PHP captcha script

> Download (ZIP, 180.2KB)
> Example page

Recently I found myself in need of a captcha for a couple of my websites. Given that I hate ReCaptcha and I felt like writing some code, I decided to make one myself. The result is a simple PHP script that uses GD to generate the captcha image, and (optionally) javascript on the client side to let the user load a new captcha without refreshing the page.

After I'd gone to the effort of writing it, I decided that I might as well publish it as open source. I doubt it will be much use to anyone because there are lots of perfectly good captcha scripts out there already, but who knows? Right now it has a lot of rough edges and could be broken with some fairly simple image analysis, so I'm only offering it as-is. There are a lot of improvements that could be made, but it's good enough for what I needed and I don't want to spend any more time on it. You are welcome to make your own changes and improvements as you wish. I'd be grateful if you submit any improvements you make back to me so I can publish them here, but you don't have to. Of course I will credit all contributions you make if that's what you want.

Using the script

Adding a captcha to your site involves five simple steps. Take a look at the source code of the example page in the ZIP file to see how it works in practice.

Step 1: Copy files

You need to copy the following four files into the same directory as your script:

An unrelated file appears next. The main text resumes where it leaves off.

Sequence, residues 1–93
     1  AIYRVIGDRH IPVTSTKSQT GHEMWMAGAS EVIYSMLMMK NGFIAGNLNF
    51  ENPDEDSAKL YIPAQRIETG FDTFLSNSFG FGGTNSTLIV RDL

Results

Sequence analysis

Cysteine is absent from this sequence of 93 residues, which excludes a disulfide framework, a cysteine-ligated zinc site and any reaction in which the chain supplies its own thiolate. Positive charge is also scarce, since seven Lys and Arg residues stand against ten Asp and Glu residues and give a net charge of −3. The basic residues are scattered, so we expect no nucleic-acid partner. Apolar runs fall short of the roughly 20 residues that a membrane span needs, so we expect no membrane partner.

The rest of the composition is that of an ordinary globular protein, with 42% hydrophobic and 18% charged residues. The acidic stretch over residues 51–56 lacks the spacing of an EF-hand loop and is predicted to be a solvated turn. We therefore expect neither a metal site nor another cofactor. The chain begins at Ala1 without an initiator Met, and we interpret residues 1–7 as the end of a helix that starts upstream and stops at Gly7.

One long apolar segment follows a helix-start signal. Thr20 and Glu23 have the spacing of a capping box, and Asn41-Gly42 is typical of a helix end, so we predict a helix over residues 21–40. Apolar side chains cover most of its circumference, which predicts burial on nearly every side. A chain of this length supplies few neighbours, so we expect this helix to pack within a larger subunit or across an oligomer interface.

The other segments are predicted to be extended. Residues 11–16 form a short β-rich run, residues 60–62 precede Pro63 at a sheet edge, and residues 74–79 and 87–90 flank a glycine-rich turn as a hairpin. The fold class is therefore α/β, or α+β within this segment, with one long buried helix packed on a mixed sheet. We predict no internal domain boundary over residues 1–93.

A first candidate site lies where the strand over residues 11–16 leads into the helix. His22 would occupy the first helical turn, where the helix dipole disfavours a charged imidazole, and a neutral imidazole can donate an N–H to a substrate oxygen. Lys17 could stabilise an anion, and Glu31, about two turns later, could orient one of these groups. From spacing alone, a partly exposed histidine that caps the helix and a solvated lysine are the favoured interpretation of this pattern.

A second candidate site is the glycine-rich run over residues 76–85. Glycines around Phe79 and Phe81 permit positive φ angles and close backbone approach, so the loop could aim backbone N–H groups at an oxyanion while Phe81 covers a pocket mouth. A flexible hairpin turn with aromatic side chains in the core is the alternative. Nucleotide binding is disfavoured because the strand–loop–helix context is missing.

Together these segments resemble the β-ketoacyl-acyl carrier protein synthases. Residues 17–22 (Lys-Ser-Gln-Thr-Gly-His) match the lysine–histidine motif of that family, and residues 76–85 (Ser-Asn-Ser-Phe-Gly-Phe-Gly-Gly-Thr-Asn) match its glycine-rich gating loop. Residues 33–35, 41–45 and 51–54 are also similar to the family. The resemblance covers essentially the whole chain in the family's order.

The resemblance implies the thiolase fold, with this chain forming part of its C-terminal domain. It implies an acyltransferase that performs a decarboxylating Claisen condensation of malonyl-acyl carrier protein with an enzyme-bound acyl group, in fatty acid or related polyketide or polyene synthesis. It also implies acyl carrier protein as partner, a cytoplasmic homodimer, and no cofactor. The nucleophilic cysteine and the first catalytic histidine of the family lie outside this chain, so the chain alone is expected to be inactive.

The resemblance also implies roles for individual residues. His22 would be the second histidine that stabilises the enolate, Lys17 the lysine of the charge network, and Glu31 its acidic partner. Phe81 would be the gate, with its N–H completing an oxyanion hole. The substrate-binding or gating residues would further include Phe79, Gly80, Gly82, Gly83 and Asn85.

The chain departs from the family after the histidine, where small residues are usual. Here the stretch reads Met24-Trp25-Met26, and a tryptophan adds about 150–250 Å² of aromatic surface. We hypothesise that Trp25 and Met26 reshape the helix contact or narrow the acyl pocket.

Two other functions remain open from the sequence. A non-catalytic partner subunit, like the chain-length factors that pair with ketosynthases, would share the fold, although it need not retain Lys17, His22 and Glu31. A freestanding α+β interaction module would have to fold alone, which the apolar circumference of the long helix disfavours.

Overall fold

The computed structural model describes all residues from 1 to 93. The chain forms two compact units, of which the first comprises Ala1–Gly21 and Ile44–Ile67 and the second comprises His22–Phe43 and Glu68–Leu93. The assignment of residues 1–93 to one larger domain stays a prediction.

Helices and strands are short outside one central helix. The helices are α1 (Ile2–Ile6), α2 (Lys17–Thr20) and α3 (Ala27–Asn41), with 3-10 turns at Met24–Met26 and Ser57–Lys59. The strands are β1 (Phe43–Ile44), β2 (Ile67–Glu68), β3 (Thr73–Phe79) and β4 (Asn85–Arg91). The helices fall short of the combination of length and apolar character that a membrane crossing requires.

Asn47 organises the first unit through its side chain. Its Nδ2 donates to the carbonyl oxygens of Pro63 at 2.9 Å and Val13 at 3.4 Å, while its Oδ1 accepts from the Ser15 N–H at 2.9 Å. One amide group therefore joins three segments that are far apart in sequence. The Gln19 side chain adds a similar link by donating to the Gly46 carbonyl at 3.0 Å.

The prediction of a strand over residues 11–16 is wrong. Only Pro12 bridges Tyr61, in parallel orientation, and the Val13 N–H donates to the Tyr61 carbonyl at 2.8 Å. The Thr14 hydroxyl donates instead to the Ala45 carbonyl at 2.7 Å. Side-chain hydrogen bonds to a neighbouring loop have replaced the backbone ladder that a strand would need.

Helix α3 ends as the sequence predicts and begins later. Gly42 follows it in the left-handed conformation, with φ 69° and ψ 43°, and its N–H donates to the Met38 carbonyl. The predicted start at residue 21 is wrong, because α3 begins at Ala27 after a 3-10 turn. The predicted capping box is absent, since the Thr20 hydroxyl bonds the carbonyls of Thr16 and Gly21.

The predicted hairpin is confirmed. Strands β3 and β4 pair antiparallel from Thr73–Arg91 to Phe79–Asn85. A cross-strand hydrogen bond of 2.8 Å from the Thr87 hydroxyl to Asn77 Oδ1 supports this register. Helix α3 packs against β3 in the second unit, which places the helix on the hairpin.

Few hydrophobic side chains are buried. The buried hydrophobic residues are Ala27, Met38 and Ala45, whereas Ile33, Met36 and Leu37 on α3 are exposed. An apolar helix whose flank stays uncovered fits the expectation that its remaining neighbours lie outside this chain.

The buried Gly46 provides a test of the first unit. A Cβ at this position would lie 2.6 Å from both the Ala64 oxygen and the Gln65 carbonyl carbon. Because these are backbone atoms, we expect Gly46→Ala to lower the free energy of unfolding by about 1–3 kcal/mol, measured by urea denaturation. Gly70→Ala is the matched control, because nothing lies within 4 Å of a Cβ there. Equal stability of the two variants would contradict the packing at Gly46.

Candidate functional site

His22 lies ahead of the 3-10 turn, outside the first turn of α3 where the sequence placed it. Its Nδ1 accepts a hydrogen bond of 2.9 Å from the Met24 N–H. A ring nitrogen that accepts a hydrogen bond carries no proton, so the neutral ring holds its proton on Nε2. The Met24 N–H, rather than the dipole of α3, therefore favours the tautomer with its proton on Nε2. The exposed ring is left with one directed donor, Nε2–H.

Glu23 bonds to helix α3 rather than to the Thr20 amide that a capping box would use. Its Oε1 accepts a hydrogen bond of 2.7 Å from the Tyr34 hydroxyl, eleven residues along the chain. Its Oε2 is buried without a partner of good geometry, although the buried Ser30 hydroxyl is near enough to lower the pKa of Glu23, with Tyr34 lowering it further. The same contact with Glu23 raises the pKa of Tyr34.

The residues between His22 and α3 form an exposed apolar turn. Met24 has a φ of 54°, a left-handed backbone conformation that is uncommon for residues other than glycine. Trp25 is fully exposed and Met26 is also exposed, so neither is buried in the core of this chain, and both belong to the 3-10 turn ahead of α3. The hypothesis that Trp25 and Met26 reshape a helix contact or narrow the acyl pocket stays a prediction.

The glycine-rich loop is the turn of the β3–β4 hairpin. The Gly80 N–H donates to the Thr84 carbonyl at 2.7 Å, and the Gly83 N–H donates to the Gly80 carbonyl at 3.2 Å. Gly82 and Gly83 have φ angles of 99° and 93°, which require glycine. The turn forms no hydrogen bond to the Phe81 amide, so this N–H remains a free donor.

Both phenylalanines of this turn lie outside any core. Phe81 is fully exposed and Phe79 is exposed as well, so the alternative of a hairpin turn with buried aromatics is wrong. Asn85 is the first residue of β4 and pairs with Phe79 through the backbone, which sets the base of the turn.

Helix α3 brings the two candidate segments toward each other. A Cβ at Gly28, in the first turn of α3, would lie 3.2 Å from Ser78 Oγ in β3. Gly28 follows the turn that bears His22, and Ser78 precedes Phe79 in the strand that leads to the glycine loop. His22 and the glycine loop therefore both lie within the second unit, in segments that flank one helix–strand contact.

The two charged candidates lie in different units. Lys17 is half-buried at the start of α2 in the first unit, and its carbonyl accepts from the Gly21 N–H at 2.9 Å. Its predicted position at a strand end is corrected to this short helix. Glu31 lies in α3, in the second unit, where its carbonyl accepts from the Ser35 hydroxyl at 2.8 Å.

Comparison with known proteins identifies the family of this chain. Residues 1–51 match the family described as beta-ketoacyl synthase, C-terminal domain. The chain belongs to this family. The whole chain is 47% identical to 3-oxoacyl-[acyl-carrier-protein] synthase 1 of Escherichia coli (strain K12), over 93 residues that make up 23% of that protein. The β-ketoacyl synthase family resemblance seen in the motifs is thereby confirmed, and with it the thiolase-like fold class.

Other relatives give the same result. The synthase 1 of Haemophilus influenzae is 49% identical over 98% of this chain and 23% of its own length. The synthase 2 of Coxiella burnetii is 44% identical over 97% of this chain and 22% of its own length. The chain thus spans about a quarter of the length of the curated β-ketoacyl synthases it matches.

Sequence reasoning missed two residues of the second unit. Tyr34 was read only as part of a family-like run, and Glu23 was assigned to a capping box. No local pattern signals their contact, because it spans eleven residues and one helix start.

These files must be in the same directory as your script. At the moment there is no support for working across multiple directories.

Step 2: Add an include statement

The API functions are all in the captcha.php file. You need to include this file into your script using a PHP include() statement:

include("captcha.php");

The include statement must be located before any calls to the API functions. I suggest you put it right at the beginning of your script. Alternatively, you can copy and paste the contents of captcha.php directly into your own script.

Step 3: Display the captcha image

This part is easy, as all the work is done for you by the show_captcha() function. Calling this function will embed the necessary HTML and javascript code into your form. show_captcha() takes a single boolean argument; this should be true if you want a refresh button on your form, or false if you don't want a refresh button. The refresh button will appear to the right of the captcha, and can be clicked by the user to get a new captcha without having to reload the page.

The call to show_captcha() should be located wherever you want the captcha to appear. For example:

<td>
<!-- Captcha appears here -->
<?php show_captcha(true); ?>
</td>

Step 4: Add a text field for the user to enter the code

This has been left up to you rather than being handled by show_captcha() or a similar function, because every implementation will be slightly different. You can customize the text field however you want. The field should be part of a form that is submitted back to the server when the users clicks a submit button, preferably by HTTP POST. For example:

<form action="myform.php" method="post">
<table>

<!-- Other fields go here -->

<tr>